Are you sure you know Jesus?
In the Roman Latin Rite at each Mass right before Communion we say: “Lord Jesus Christ look not on our sins but on the faith of your Church”. Yet what a mysterious expression this seems to be: “the faith of the Church”! We, as Faithful, believe what the Church believes. The one who baptises, baptises according to the faith of the Church. But what are the Contents of the Faith of the Church? Some might say: – it is the Creed. To a degree, the Creed does sum up all of our Faith. Others might even add: – it is the Faith transmitted by the Apostles, thereby reminding us that all the contents of “Revelation” were given to us, up until the moment the last Apostle (John) died. After that, there was nothing “new” to be added. All that is true.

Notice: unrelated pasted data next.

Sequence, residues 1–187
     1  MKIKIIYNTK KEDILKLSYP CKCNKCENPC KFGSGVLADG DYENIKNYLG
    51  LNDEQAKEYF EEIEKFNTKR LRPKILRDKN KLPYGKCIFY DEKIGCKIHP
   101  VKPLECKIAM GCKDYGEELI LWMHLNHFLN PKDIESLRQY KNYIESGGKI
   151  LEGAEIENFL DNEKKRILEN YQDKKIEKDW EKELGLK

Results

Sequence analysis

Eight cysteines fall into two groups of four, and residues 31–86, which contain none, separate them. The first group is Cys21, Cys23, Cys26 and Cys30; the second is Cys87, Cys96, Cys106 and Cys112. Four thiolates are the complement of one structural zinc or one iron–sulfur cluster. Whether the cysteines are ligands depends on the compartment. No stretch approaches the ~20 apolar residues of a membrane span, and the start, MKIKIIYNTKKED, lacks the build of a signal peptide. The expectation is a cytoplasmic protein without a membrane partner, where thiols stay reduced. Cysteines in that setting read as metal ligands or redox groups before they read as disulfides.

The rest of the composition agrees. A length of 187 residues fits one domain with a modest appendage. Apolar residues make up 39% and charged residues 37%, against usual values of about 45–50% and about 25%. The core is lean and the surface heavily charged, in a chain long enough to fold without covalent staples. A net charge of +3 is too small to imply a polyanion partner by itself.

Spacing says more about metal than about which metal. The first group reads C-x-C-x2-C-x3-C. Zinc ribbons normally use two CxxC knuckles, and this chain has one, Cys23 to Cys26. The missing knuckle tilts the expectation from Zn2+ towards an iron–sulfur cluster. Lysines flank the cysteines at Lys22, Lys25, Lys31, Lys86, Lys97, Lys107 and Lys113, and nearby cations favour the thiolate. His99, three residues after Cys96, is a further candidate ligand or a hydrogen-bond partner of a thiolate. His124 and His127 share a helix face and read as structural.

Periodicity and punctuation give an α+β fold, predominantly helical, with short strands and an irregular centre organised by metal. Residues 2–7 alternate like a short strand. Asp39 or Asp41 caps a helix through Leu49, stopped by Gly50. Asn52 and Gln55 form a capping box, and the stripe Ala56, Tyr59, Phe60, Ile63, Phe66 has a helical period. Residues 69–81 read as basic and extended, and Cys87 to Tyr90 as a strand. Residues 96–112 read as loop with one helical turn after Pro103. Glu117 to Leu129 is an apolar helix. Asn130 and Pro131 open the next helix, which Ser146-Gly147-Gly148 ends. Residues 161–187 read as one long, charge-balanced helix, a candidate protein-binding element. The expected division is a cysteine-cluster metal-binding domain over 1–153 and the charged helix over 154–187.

But I would like to enlarge on this a little, with the reader’s indulgence. The capacity to believeis not that obvious. If we focus a little on the Apostles themselves, we’ll find that they had their own journey of growth, and they themselves acknowledge to us, many times, in the Scriptures (the New Testament), that they couldn’t believe, that they failed.
The Core of Our Faith
To clarify matters let us begin by briefly trying to sum up the essence of our Faith – the Faith of the Church – as concisely expressed in our Creed. Or, if you prefer, let us examine the main point in our Creed, for without it we can consider that our faith is meaningless.
“if Christ be not risen, then is our preaching vain, and your faith is also vain” St. Paul clearly states in1 Corinthians 15:14. Here he underlines that the belief in the Death and Resurrection of Jesus is the core of our faith. To go from where we are to where God is, from darkness to God Himself, this involves a journey; it needs a bridge, and without that bridge, we cannot reach God. Just remember Adam’s fall. We are not now living in the joy of the Presence of God! Without that “bridge”, without Christ and what He realises on the Cross, we cannot reach the Father.